District Court Judge Karen Townsend extended the order allowing First American Title Insurance access to the business, and to prevent others from removing or destroying documents.
The auditors may be able to finish their examination by Wednesday, said Arturo Jaramillo, a Santa Fe attorney representing First American. The order extends through Friday to give the auditors plenty of time.
Townsend also approved a subpoena to obtain related records at Four Corners Community Bank.
Chad Cox, owner of New Mexico Title Co., participated in the hearing by telephone, as did Kristina Martinez, a Santa Fe attorney representing Bobby and Carrie Willis. The Willises own an escrow business known as New Mexico Title Escrow at the same location, 650 W. Main St. Suite C, through Golden Rule, a limited liability corporation.
Neither Cox nor Martinez objected to extending the restraining order.
"The audit has been going smoothly," Martinez said.
A separate hearing was held Friday in Santa Fe on a similar restraining order obtained by the state Financial Institutions Division. The judge extended that restraining order for an additional 10 business days, said S.U. Mahesh, spokesman for the state Regulation and Licensing Department.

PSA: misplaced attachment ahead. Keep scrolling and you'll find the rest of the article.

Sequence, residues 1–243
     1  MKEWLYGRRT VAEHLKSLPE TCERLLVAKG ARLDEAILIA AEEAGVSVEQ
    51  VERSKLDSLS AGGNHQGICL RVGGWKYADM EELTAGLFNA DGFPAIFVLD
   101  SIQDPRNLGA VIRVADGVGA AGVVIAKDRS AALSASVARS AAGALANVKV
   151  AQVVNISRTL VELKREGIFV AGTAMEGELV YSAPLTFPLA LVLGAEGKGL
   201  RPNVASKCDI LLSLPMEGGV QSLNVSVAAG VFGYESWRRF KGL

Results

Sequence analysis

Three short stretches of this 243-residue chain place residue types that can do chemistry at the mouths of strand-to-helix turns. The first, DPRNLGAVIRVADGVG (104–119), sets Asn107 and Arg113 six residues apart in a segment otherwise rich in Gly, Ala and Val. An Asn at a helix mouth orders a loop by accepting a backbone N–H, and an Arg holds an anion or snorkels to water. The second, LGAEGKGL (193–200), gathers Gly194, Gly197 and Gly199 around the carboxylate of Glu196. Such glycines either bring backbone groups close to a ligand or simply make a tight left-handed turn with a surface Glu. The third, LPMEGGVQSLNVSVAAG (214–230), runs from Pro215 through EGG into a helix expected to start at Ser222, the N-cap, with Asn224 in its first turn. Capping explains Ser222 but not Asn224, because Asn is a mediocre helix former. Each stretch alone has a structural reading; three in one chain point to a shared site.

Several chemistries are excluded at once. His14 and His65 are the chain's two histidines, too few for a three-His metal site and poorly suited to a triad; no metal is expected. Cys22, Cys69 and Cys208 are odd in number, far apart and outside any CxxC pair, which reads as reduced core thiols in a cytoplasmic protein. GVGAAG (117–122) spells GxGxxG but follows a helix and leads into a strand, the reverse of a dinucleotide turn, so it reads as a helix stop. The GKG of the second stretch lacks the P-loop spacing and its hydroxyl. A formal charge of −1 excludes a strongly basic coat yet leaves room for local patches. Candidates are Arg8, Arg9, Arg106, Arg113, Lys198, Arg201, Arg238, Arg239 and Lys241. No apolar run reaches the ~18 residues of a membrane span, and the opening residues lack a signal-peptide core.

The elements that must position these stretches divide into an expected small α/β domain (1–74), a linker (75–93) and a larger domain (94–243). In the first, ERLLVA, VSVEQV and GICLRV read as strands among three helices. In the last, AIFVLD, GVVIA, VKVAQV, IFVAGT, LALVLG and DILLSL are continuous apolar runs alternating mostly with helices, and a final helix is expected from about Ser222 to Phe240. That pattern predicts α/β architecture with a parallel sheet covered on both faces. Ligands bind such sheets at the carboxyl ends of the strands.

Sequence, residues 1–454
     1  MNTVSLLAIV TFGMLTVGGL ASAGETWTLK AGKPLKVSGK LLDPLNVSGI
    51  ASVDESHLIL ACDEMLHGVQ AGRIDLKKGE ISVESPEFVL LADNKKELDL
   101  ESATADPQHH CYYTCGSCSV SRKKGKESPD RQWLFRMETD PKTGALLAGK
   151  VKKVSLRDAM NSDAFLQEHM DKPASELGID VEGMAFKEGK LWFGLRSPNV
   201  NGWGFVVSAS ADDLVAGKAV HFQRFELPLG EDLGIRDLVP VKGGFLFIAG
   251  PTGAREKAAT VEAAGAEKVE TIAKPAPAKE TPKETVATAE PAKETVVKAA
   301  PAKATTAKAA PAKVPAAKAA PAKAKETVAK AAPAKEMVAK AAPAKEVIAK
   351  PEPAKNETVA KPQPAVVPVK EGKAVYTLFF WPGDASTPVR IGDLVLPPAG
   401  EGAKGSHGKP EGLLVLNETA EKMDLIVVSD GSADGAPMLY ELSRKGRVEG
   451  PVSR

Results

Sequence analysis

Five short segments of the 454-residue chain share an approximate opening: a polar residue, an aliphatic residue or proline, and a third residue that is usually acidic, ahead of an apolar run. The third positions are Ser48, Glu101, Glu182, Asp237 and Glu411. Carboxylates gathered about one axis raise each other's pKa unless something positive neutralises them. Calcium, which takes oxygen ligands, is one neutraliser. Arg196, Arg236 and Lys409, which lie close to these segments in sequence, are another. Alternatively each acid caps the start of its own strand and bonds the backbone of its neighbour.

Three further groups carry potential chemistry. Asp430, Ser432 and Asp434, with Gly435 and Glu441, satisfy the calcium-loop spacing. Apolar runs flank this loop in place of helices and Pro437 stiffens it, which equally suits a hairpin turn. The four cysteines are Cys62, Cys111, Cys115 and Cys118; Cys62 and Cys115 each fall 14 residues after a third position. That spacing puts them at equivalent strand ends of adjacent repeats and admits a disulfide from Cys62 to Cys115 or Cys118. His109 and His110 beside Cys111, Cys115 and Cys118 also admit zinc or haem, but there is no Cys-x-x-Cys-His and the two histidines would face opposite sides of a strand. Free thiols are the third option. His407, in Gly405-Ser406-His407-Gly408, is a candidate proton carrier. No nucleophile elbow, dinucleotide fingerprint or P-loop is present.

Martinez and an attorney for the Financial Institutions Division declined to comment Friday.
The hearings were the latest in the legal fallout from the closure of New Mexico Title Co. The decades-old business abruptly closed Jan. 30, and employees were sent home. Several customers have said they did not receive expected disbursements from escrow accounts, or that payments to escrow accounts were not properly credited.
Sgt. Brandon Lane, a Farmington Police Department detective, said Tuesday that millions of dollars appear to be missing.
State regulators on Monday launched an investigation into possible violations of state codes in concert with First American, a Santa Ana, Calif.-based insurance company. Once their report is completed, Farmington police will determine if criminal charges are warranted.